The reCAPTCHA source images used as collage elements in rereCPATCHA are themselves “out of context,” they addresses without homes. Aside from the string of numbers, these images tend to be formally abstract, though occasionally recognizable things from the world of humans and nature infiltrate their narrow frame: flower pots, tree branches, sections of vehicles, flags, holiday decorations, and other things that robots would have little use for. As such they are imbued with a sense of “placelessness” that is at once also weirdly familiar.

These migrant digital images depict locations that have already been twice mediated, first as Google Street View photos, then, as images that have been further digitally processed and set up as automated, surrogate gatekeepers. In both instances, they are images that have been instrumentalized, functioning less as pictures and more as tools. By aestheticizing the reCAPTCHA images and presenting them in a new context, rereCAPTCHA preserves these peculiar media archeological fragments and builds from them virtual monuments to the fluidity of place.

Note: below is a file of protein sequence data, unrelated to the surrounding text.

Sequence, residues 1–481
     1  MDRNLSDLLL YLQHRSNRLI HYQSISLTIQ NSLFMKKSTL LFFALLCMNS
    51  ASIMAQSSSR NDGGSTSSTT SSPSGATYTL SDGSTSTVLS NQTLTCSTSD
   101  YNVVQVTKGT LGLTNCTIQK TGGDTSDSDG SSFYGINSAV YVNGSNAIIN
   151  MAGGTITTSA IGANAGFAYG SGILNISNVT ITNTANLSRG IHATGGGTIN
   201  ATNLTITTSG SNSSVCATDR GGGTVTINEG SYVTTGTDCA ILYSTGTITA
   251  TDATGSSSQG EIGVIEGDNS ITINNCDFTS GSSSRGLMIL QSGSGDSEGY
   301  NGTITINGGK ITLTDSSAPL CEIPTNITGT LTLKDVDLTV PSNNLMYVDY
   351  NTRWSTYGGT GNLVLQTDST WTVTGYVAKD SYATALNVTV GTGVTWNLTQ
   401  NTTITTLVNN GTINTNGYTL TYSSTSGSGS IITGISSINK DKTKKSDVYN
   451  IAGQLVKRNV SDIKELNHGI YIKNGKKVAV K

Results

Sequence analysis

Tyler Kline

I have developed an interest in Twitters affect on linguistics over the last decade. Germinating in the fecund ground of wordplay that the ubiquity of texting culture tilled, Twitter, with the platforms limits and template format, has helped, along with other social media sites, to create a post-Internet mono-culture. However, within this orthodoxy a heterodoxy of subversion and resistance exists. I am interested in twitters format breaking down linquistic syntax, and through: acronyms, eccolalia, and error a new semantics seems to be emerging where feeling displaces logic and prescriptivism.